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McConnell: Myanmar Must 'Assume Responsibility' for the Rohingya

McConnell says the Rohingya are the responsibility of Myanmar. (Tom Williams/CQ Roll Call File Photo)

Senate Majority Leader Mitch McConnell said Thursday the government of Myanmar needs to address the human-rights crisis involving the Rohingya.  

Speaking on the Senate floor, McConnell said he and others want the country, also called Burma, to successfully complete an open election process, free of favoritism by the state-run media and with broad access to voting. McConnell said he met recently with the speaker of the country's parliament, Shwe Mann, and expressed his concerns directly about a variety of issues, including the plight of Rohingya Muslims, a minority group of which many members have fled to boats.  

"There's the need for the government to do all it can to protect and assume responsibility for members of a long-suffering religious minority group, the Rohingya, thousands of whom have been forced to take to the high seas on dangerous makeshift vessels to escape persecution," the Kentucky Republican said. "There’s the longstanding need for the government to continue its work with other ethnic minorities toward a permanent peace agreement that calls for political settlements, in order to end a conflict as old as the modern Burmese state itself."  

Assistant Secretary of State Anne Richard recently told reporters in Jakarta, Indonesia, that "Rohingyas need to be treated as citizens of Burma," Reuters reported .  

McConnell speaks regularly about challenges and signs of progress in Myanmar, an issue that he's followed since long before becoming his party's leader. Challenges for 2015 include ongoing debates about overhauling the constitution and the upcoming elections in the country.  

"If the Burmese government gets this right — if it ensures a transparent, inclusive, and credible election, with results accepted by the competing parties — that would go a long way toward reassuring Burma’s friends around the globe that it remains committed to political reform," the Kentucky Republican said. "But if we end up with an election not accepted by the Burmese people as reflecting their will, it will make further normalization of relations — at least as it concerns the legislative branch of our government — much more difficult."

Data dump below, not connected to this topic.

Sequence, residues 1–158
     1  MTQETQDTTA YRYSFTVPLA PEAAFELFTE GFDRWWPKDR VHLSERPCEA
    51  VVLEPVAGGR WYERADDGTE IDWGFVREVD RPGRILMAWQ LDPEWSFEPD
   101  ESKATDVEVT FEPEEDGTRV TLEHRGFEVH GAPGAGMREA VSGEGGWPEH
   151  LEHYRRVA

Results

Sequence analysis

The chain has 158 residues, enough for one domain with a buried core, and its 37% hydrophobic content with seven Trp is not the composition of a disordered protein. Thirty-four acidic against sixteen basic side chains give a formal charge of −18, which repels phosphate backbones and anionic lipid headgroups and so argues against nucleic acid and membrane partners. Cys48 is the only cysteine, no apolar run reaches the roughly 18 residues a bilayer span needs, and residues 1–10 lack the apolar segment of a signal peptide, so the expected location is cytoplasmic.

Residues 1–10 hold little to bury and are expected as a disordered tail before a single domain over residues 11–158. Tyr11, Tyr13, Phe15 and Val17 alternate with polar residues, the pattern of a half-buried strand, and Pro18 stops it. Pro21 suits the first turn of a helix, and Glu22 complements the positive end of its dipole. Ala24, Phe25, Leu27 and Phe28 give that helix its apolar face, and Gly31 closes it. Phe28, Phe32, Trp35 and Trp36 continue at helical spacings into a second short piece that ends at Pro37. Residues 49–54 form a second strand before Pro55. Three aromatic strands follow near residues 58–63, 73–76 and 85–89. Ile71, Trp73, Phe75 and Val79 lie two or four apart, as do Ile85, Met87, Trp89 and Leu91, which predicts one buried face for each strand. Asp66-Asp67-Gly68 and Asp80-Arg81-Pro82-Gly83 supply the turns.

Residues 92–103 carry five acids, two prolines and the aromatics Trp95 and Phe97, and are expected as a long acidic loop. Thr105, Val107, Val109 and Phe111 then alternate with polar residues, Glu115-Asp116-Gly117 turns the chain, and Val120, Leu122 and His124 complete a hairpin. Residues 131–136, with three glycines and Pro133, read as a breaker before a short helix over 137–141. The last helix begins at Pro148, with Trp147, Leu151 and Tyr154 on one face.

After McConnell's floor speech, Senate Minority Leader Harry Reid praised his counterpart for his work on the foreign-policy issue, which has included regular statements, meetings and trips, as well as behind-the-scenes efforts.  

"I've watched over the last decade Sen. McConnell focusing attention on Burma," the Nevada Democrat said. "It's remarkable the good he's done for that country. His vigilance in watching literally every move that government has made has been good for that country and I think good for the world, and I admire and appreciate the work he's done. There’s not been a watchdog over any country that I'm aware of that has been more intense than the senior senator from Kentucky keeping an eye on what goes on in Burma. And I appreciate his remarks today in that regard."  

McConnell's longstanding efforts with respect to Myanmar have also drawn praise  from the Obama administration.  

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